Annotations and comments

Tonyel has posted 280 annotations/comments since 11 March 2013.


Second Reading

About Wednesday 5 September 1660

Tonyel  •  Link

"In the evening my wife being a little impatient"
I'll bet that Sam has been unable to resist boasting about his new-found wealth until Bess has suggested he might spread some of it around.

About Saturday 1 September 1660

Tonyel  •  Link

Some years ago I pumped out the flooded cellar of an 18c farmhouse and found a channel in the stone floor which allowed spring water to trickle across. (This had got blocked - hence the flood). Judging by the hooks in the ceiling beams, this was the recognised way of preserving large amounts of food - and it was certainly damned cold, even in summer.

About Tuesday 14 August 1660

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Fifty six pounds of butter in mid-summer would go off quite quickly unless they had a very cold cellar. Perhaps Elisabeth and "the girl" would have to be busy making cakes, etc to preserve it.

About Sunday 12 August 1660

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When I was a lad (some considerable time ago) I often heard the expression " All my eye and Betty Martin" used to describe a fanciful, unlikely story. I would love to think that it was already three hundred years old.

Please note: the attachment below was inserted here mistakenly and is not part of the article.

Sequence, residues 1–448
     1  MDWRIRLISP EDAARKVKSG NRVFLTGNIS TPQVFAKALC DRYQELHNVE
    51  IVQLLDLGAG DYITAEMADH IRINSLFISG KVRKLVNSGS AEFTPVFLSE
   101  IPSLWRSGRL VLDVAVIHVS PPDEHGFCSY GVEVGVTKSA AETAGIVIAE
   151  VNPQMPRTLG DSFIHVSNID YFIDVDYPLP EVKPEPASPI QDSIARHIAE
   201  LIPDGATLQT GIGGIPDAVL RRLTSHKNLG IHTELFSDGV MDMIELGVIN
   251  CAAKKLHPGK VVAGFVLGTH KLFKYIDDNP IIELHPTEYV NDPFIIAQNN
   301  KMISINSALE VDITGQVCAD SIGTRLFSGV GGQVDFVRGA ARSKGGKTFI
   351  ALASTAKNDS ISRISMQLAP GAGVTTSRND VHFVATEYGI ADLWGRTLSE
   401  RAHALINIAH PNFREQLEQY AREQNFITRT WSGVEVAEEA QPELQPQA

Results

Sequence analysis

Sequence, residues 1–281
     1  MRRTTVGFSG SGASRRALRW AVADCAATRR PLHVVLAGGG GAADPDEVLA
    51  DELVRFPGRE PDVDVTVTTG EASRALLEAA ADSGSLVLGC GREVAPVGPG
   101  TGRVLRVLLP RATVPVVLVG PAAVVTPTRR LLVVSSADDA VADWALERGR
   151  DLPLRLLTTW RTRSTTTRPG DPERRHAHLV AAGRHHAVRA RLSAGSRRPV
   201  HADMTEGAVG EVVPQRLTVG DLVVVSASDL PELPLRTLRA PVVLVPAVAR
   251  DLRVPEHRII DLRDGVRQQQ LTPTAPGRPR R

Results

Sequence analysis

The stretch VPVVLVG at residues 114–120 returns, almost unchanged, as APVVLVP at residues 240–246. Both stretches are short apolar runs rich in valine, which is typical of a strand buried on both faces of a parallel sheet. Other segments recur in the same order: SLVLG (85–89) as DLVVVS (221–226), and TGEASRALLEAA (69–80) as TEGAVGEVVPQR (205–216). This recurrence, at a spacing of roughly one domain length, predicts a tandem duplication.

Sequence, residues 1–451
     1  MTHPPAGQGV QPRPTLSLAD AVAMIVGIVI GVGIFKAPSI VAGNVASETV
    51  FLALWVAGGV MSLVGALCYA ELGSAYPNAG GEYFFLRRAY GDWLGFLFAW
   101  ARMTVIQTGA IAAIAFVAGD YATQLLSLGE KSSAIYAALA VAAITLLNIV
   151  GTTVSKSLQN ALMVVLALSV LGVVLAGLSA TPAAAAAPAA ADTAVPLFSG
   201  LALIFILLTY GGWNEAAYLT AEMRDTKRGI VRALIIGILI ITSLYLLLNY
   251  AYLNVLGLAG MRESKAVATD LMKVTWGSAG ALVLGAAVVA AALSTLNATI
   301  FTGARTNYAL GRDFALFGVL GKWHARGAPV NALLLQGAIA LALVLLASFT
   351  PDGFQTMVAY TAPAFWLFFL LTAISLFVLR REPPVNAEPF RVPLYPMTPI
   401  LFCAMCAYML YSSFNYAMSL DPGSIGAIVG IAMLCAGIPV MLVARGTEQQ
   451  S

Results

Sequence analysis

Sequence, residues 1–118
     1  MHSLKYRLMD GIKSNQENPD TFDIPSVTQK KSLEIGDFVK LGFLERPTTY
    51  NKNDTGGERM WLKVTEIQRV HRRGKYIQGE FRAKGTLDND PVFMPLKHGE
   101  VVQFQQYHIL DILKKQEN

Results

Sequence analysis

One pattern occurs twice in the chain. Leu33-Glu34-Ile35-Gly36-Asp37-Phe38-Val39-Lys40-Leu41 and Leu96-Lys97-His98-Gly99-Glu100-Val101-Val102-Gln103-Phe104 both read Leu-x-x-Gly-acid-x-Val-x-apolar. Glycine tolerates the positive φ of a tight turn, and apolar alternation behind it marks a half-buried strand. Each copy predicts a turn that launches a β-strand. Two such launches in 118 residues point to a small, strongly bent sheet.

About Sunday 22 July 1660

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There is a memorial in a church in Devizes, Wiltshire to five young people who drowned while rowing on a pond in 1751. While regretting this, it also makes clear that it was their fault for going rowing on a Sunday.

About Thursday 5 July 1660

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" he had a project for all us Secretaries to join together, and get money by bringing all business into our hands."
Middle management wasting no time in organising some mutual nest-feathering. 'Twas ever thus - and still is, of course.

About Wednesday 4 July 1660

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" where I received 500l. for my Lord, by appointment of the Treasurer, and went afterwards down with Mr. Luddyard and drank my morning draft with him and other officers. "
This does seem to confirm that Sam has no fears about carrying a large amount of gold into the pub - although, when he collects the plate, he takes the precaution of hiring a coach.

About Sunday 1 July 1660

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It's worth reading the Wikipedia entry on Sir Samuel Morland - a fascinating character, credited amonst many other things with inventing the first internal combustion engine. I wonder if Sam's slightly dismissive "prating" was due to his not being included in the conversation.

About Saturday 23 June 1660

Tonyel  •  Link

There is also a Cardinal's Cap Alley and a parallel Rose Alley across the river in Southwark. The story I was told was that the cardinal's parishioners caught him visiting Rose ("no better than she ought to be") and chased him up the next alley where he lost his cap.

About Wednesday 20 June 1660

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" to send the barge that brought the King on shore, to Hinchingbroke by Lynne."